Parsons Dance Company

April 4, 2002

The Parsons Dance Company debuted Too Many Cooks.
Courtesy Parsons Dance Company

Parsons Dance Company

Annenberg Center for the Performing Arts, University of Pennsylvania
Philadelphia, Pennsylvania
April 4?6, 2002

Reviewed by Zachary Lewis

Few can compete with choreographer David Parsons when it comes to having fun with dance.

Too Many Cooks,
premiered recently by the Parsons Dance Company on a repertory program, is the latest product of his whimsical brain. This witty, mostly innocent work, commissioned by a group of colleges and universities in Pennsylvania, amounts to twenty minutes of pure, though substantial, folly.

Typical of his style, Parsons has mimicked every dimension of the music?its rhythms, tempo, moods, even specific pitches?and turned out a work that is the corporeal equivalent of its chosen soundtrack. Here, the corny, big-band-era tunes by Juan Garcia Esquivel, the Mexican pop composer, are quirky and comical in their own rights; Parsons has made them all the more so with his playful brand of dance. Perhaps that desire to revel in the music is what prompted Parsons to have originally called the work Esquivelesque.

His final choice of title is fitting, however. Too Many Cooks follows a kitchen-oriented plot, though one of little substance: A lead chef, in a pointy (and occasionally phallic) hat, tries to keep a bunch of clumsy sous-chefs and waiters on task. But every time she leaves the stage or turns her back, they cease cooking and begin to frolic and make faces. Their slapstick-style antics extend as far as standing on each others’ shoulders. Soon, the leader gives up her useless attempt at authority.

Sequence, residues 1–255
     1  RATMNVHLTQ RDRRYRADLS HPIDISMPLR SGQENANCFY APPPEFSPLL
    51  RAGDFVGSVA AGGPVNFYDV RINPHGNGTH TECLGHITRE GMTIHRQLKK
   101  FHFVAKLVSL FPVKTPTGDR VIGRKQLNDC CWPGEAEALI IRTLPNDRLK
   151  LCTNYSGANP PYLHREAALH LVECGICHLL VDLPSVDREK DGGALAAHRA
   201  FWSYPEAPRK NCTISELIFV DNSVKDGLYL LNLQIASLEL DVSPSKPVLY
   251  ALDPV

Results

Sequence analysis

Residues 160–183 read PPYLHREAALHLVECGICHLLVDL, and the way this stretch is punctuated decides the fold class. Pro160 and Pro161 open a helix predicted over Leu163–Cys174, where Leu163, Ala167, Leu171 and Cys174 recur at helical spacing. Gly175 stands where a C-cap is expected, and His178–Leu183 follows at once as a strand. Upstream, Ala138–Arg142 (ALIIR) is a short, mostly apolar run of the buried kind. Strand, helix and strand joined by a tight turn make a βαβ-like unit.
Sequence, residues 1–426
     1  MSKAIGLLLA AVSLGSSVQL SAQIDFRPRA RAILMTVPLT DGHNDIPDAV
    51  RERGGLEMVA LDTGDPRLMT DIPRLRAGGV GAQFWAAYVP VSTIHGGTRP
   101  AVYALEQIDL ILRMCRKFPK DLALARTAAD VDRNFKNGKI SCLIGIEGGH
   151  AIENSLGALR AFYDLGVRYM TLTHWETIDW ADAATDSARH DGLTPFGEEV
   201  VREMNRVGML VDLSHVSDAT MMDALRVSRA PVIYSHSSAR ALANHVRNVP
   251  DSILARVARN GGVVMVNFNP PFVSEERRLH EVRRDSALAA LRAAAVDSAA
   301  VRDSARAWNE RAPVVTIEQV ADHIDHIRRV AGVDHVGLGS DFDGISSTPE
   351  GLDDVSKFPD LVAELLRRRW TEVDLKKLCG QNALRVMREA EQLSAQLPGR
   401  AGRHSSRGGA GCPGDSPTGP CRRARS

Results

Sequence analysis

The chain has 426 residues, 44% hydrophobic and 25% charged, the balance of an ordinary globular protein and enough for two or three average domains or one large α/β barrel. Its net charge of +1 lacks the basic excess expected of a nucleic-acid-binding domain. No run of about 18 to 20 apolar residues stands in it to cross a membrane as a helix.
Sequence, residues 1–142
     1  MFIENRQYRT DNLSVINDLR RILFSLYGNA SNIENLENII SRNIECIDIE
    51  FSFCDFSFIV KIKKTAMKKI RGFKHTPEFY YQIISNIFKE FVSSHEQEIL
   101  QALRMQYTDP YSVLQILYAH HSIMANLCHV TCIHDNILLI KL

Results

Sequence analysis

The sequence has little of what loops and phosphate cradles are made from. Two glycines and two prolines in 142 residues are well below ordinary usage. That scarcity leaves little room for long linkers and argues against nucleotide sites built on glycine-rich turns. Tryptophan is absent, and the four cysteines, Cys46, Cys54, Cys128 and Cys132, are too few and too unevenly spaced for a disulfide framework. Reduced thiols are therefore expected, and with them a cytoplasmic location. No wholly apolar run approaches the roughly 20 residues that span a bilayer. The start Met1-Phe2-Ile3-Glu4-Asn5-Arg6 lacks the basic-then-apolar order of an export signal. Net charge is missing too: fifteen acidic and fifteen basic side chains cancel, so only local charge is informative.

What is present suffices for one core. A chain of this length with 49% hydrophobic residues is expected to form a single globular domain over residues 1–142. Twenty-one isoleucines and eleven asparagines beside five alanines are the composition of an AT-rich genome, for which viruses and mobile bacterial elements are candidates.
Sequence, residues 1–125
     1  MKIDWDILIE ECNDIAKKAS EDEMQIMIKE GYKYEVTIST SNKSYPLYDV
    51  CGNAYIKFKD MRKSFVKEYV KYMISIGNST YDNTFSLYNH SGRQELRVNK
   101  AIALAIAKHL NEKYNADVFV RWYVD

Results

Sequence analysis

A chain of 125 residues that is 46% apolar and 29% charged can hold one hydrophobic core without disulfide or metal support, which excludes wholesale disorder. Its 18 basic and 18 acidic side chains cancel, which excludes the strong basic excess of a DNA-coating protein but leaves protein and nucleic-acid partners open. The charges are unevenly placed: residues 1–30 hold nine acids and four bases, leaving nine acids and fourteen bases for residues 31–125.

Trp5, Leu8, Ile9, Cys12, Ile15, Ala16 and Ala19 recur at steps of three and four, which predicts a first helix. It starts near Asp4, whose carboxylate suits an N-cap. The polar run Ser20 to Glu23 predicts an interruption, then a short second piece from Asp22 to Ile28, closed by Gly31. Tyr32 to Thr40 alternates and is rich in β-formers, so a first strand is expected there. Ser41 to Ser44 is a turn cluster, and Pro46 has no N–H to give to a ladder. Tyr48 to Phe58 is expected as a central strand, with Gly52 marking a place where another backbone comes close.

Amorous skits for two or more emerge from the confusion. There is a mock flamenco duet accentuated by chopping gestures. One of the funniest moments comes when a would-be grand love scene is continually interrupted as the music stops and starts. Much of Too Many Cooks leaves behind the practical function of food and explores its sensual qualities. In one duet, the dancers take turns pretending to eat off each other’s bodies while posed in mildly sexual positions.

Parsons has collaborated once again with lighting designer Howell Binkley. The costumes, designed by dancer Mia McSwain, are what one would see on actual servers and chefs at a fine restaurant. Some wear poofy white hats and coats; others wear aprons. At one point, four female dancers in alluring French maitre d’ outfits dangle themselves like so many sirens in front of one thoroughly overwhelmed kitchen hand. But this torture is accompanied by disturbingly upbeat surf music.

Parsons made many brilliant choices with Too Many Cooks. It’s based on the ingenious observation that familiar culinary motions like kneading, stirring, and dicing are prime material for use by a choreographer. But Parsons goes further and combines such gestures with acting skills from silent film. The result is direct, effective, and often very funny. The company itself turned in energetic performances that were, like the work as a whole, delightfully exaggerated but never over the top.